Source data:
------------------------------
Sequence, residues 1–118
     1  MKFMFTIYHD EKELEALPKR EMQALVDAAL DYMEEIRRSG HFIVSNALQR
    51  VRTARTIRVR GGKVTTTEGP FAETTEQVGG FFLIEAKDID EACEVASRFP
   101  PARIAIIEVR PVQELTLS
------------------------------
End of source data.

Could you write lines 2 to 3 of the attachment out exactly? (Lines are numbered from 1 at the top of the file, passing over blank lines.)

     1  MKFMFTIYHD EKELEALPKR EMQALVDAAL DYMEEIRRSG HFIVSNALQR
    51  VRTARTIRVR GGKVTTTEGP FAETTEQVGG FFLIEAKDID EACEVASRFP